11. 8AA

    8AA Member

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    I don't know how many of the 22,000 on the waiting list are going to change their minds and not buy a Prius, but I wish that they would hurry up and decide, I'm getting tired of waiting for mine.
     
  12. Wolfman

    Wolfman New Member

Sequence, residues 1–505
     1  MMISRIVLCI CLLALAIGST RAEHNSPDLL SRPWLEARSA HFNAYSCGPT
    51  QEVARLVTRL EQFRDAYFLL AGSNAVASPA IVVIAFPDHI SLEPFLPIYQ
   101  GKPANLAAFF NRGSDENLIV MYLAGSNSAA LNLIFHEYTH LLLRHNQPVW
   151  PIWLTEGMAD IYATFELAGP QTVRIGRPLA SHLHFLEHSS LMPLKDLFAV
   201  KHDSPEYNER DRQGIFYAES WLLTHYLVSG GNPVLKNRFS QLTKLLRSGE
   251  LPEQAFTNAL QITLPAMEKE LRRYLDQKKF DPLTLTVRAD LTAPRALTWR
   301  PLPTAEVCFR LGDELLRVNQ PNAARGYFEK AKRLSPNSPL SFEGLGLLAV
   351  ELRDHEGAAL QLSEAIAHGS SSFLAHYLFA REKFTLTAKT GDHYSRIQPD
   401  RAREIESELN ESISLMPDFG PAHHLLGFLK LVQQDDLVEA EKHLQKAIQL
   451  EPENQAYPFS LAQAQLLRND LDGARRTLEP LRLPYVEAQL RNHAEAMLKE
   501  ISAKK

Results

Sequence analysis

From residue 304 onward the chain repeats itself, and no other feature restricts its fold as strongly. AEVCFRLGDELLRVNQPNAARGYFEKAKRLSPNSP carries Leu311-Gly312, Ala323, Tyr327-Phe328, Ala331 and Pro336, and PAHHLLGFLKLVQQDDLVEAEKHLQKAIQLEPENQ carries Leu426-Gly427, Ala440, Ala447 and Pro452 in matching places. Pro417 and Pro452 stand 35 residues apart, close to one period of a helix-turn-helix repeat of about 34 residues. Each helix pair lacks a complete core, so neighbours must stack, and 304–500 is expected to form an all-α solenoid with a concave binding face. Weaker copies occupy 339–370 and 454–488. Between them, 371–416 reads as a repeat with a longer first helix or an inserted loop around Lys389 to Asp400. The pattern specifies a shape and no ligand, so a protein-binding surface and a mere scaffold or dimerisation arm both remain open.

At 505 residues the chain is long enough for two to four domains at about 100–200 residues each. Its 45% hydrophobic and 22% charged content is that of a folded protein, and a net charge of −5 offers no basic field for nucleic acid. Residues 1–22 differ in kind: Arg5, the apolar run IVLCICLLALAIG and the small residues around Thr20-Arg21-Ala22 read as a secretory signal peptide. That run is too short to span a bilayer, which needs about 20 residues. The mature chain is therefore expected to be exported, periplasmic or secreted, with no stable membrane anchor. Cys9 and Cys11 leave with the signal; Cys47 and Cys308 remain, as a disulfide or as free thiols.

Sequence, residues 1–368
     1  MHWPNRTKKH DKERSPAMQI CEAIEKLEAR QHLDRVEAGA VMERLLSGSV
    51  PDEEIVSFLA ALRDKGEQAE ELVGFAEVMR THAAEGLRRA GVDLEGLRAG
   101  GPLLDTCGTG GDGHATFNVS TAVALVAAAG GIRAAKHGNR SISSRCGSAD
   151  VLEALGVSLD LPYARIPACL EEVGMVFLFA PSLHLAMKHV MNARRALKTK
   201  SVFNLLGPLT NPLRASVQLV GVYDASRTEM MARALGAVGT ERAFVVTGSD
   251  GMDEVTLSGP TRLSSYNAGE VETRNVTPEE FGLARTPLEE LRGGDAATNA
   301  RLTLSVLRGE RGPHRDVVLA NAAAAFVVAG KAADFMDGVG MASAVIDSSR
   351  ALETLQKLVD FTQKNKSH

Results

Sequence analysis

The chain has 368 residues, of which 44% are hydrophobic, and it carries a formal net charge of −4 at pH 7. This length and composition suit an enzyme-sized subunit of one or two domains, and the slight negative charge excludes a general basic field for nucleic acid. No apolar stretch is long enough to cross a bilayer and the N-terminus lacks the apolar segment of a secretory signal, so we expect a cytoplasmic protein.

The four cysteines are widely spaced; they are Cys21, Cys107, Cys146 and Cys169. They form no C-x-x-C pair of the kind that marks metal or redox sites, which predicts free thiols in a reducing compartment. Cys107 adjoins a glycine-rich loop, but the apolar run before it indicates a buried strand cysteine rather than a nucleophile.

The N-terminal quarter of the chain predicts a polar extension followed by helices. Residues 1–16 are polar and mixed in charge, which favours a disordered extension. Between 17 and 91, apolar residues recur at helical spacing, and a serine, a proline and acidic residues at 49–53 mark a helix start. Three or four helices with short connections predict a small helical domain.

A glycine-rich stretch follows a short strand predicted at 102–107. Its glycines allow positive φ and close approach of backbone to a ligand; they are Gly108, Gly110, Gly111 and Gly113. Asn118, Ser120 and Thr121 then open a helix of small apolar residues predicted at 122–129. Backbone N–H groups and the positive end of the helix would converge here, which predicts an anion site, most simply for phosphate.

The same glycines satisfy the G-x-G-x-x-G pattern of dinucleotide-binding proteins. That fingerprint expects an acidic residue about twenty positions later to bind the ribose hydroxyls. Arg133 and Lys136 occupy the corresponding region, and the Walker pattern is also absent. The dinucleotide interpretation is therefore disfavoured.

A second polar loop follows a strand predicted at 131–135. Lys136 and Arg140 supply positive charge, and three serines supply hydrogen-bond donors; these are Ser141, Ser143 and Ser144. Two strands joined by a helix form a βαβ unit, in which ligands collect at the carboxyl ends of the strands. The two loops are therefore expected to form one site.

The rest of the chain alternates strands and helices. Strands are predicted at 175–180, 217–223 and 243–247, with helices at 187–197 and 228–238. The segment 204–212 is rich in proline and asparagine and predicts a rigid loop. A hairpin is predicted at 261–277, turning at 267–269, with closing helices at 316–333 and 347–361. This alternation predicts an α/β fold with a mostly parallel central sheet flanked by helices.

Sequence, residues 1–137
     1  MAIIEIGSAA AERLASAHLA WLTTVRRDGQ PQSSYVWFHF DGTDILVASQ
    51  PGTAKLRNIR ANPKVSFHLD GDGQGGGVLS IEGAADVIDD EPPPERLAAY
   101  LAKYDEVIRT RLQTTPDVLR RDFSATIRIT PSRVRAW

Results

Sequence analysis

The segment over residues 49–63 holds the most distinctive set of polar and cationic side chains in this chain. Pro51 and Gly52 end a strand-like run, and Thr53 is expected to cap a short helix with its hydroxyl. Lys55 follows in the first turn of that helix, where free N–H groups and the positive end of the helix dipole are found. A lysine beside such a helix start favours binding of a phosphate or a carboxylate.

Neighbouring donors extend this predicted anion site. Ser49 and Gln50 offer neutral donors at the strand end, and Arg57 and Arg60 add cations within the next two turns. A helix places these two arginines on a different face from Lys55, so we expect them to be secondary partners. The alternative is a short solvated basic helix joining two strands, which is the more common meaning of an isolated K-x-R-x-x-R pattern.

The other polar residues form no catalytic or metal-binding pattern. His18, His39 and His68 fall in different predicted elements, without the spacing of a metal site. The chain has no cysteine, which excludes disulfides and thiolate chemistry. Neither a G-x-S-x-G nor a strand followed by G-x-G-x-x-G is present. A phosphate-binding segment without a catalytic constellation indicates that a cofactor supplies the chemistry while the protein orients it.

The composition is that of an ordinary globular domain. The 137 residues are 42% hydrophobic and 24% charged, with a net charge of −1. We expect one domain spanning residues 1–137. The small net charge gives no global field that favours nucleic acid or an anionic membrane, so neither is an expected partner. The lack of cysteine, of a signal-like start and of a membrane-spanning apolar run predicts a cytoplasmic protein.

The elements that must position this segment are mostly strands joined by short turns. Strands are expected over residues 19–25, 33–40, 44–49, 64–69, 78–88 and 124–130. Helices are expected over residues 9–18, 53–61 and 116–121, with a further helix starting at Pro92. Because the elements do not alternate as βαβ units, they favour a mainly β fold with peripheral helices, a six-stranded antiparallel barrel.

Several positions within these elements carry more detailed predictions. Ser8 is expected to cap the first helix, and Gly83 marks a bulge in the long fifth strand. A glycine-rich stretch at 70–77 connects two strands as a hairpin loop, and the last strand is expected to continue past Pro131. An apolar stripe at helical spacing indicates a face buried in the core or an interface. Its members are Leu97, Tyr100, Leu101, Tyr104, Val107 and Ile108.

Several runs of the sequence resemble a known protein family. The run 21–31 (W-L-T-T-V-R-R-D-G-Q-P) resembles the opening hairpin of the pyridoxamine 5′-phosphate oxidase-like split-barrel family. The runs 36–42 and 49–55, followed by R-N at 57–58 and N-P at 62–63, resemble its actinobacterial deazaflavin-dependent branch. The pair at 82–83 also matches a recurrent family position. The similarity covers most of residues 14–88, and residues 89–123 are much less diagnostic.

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    I was watching a "Modern Marvels" program on oil rigs on History Channel a while back. With current technology, we only extract approximately 20% of the oil from the fields with current technology. I would certainly expect to see technological advances come to the market that would make the oil companies able to go back and retrieve a large chunk of the leftover resources down the road. Of course, much of this would come about after the price per barrel supports the cost of implimentation. We aren't really "running out." It IS going to be getting harder to get to.